The longer you are willing to practice, the quicker you will achieve the goal.
— Anonymous

I run into this challenge often and have to constantly catch myself to make sure I’m focusing on my commitment. One example of something I have to watch out for is when I hold leadership development sessions. It is not unusual for the participants to come into the session a bit skeptical and sit with their arms crossed as if to say, “This had better be good!” I’m used to that and I usually don’t let it bother me, because my commitment to them experiencing a transformation is so much bigger than my attachment to the fear of evidence of that not happening. It does help to have seen hundreds of people walk out of my sessions completely energized and ready to get in action.

Having said that, I have to say I had an experience recently that almost messed with my head and threw me off. I say “almost” because I hung in there and boy am I glad I did. In a four-hour class that I conducted recently, I had one gentleman who maintained a very disgruntled look on his face the entire time, and absolutely refused to even crack a polite smile at my jokes and rebuffed my attempts to get him to loosen up a bit. I could clearly imagine what was going on in his head—according to the voice in my head, that is—and it wasn’t good. I took it as a challenge to get through to him and have him experience a transformation and I absolutely refused to give up. By the end of the session, however, I was convinced that while everybody else was completely energized, I had failed to reach this particular participant. As I was packing my computer and gathering my notes, he came around to the front with the same serious look on his face and I was very ready to hear him tell me how he thought the entire session had been a waste of his time. To my surprise, however, he held his hand out to shake mine, and he went on to tell me in a very genuine and authentic manner how much he enjoyed the session and how he picked up so many insights that are going to be extremely helpful to him, personally and professionally. I was taken aback because in my mind, and according to all the evidence on the “scoreboard,” I had made no contribution to him and wasn’t making any progress in getting through to him. But, luckily, I was proven wrong and I was so glad that I didn’t get discouraged and write him off along the way.

Commitment and Progress

This story and the story of my health plan illustrates some instructive truths about progress when it comes to transformative journeys. More often than not, the progress that is being made will not be visible to you, but that doesn’t mean no progress is being made. Sometimes this is because a transformation requires an initial time investment to pick up steam and gain traction. Consider the example of the Chinese bamboo tree, which shows virtually no sign of any growth in the first four years when it is planted and then in the fifth year, it grows by 80 feet in just six weeks. When it comes to something like health, unless we have some specific ailment that can be dramatically improved by a specific therapy, we will have to invest considerable time and effort on the front-end before we start seeing benefits. This is something we tacitly understand in some areas, since we don’t, for instance, buy bigger clothes every week we go to the gym in anticipation of our muscles growing dramatically with each weight lifting session. It would be ridiculous to expect such dramatic improvement in such a short time, and the bigger your transformative vision is, the less realistic it is to expect immediate and obvious results.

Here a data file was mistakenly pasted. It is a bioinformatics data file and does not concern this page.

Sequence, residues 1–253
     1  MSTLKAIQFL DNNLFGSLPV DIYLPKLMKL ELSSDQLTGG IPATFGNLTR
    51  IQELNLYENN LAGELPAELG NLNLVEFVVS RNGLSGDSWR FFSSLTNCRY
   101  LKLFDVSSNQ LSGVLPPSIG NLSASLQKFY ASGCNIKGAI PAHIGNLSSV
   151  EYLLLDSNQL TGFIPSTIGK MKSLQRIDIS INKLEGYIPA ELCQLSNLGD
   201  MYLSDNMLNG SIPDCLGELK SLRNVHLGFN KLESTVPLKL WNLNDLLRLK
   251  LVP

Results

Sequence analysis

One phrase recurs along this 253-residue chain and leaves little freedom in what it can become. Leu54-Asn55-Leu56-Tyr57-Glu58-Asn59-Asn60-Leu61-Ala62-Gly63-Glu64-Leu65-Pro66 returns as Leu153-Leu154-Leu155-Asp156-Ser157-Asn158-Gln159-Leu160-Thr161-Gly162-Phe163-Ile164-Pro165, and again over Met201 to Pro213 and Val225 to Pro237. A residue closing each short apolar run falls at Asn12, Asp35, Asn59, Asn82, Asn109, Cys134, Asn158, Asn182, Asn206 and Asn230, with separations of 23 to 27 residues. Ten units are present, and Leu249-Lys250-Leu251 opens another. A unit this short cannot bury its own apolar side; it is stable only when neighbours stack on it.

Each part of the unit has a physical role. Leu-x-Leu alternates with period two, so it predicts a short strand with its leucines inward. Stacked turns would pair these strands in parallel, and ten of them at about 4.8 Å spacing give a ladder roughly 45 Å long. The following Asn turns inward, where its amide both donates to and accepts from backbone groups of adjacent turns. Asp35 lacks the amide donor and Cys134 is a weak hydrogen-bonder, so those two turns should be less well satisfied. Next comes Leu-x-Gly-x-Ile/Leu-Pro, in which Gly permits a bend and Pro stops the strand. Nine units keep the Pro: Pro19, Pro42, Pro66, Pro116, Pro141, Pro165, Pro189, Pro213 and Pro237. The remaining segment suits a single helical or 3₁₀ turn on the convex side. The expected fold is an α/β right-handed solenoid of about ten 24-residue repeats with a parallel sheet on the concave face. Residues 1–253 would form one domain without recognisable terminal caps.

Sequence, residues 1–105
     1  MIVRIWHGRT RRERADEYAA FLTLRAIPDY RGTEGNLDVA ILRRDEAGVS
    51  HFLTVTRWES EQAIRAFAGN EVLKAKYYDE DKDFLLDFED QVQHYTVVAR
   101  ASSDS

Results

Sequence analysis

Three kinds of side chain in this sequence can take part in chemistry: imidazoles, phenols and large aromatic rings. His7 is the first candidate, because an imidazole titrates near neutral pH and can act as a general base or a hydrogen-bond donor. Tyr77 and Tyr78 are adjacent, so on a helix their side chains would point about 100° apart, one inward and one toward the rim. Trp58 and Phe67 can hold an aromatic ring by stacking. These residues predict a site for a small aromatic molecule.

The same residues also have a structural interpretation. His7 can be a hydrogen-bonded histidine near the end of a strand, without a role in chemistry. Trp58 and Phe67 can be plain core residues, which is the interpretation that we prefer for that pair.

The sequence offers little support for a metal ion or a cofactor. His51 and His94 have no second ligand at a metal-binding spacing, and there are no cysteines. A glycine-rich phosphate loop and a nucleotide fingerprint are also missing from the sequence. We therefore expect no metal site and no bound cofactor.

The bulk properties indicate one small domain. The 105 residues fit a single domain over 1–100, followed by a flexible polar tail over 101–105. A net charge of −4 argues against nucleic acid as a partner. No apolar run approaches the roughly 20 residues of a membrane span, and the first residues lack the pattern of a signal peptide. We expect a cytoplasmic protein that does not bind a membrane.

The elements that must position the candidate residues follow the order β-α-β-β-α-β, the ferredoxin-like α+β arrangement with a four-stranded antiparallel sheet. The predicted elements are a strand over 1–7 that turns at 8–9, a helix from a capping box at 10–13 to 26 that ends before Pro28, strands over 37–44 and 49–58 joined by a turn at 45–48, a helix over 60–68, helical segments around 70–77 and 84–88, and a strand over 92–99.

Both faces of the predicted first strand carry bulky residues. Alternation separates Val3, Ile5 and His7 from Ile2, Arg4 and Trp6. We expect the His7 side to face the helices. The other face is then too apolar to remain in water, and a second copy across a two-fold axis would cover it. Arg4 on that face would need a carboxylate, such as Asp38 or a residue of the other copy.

In other cases, it may simply be a fact that even after we have put in the time and effort on the front-end, our progress never seems to ever dramatically improve at all. This is because the truth is that we rarely ever feel this more uniform type of progress being made in real-time, whether physically or mentally, simply because it is so gradual and we are so close to it. To give an example, think of how many times you have ever felt your body growing or noticed yourself becoming wiser. I don’t mean times that you noticed that those things had happened, but times that you noticed them happening in the moment. Heck, think of how many times you have actually seen grass grow or paint dry. You can’t, can you? But you certainly don’t deny that those things have happened and are happening, right? Of course not!

It does not matter how slowly you go so long as you do not stop.
— Confucius

The fact is, the only way we ever notice this subtler kind of progress happening is when we take the time to look for it in the past while standing in the present, and acknowledge the progress that happened to get us from where we once were to where we are now. You don’t ever notice yourself growing until one day you stop and look back and say to yourself, “Look how much I changed since then. I used to be so small/inexperienced/weak, but I never gave up and that’s why I’m where I am today.”

This being the case, what can we do to maintain our resolve to keep going even in the face of what seems to be little or no progress?